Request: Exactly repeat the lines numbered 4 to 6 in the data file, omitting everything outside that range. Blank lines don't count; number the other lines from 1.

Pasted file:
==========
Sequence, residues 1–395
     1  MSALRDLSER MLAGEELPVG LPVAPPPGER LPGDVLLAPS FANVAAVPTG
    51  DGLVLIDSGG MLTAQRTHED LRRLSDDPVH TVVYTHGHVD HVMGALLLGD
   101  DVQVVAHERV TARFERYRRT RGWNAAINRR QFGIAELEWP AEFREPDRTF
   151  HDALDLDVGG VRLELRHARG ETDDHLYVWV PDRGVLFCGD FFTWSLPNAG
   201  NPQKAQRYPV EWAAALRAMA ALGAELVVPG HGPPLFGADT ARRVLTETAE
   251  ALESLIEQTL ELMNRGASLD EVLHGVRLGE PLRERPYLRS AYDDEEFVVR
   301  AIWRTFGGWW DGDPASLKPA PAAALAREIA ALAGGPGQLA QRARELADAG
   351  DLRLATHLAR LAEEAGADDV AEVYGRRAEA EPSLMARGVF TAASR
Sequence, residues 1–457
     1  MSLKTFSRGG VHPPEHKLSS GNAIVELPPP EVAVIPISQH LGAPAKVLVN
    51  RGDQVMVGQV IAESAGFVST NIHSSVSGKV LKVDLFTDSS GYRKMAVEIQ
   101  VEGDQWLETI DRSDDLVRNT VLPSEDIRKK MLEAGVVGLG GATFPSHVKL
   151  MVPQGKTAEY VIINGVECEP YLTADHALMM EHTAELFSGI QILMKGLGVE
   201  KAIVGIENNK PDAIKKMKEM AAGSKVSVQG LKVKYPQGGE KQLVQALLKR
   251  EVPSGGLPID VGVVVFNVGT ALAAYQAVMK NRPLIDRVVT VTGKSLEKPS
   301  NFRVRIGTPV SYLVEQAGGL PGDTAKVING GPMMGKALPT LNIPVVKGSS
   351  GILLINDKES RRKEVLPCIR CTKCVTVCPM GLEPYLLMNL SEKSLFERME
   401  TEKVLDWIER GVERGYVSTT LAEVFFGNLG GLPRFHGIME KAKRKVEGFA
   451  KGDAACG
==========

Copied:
   101  DVQVVAHERV TARFERYRRT RGWNAAINRR QFGIAELEWP AEFREPDRTF
   151  HDALDLDVGG VRLELRHARG ETDDHLYVWV PDRGVLFCGD FFTWSLPNAG
   201  NPQKAQRYPV EWAAALRAMA ALGAELVVPG HGPPLFGADT ARRVLTETAE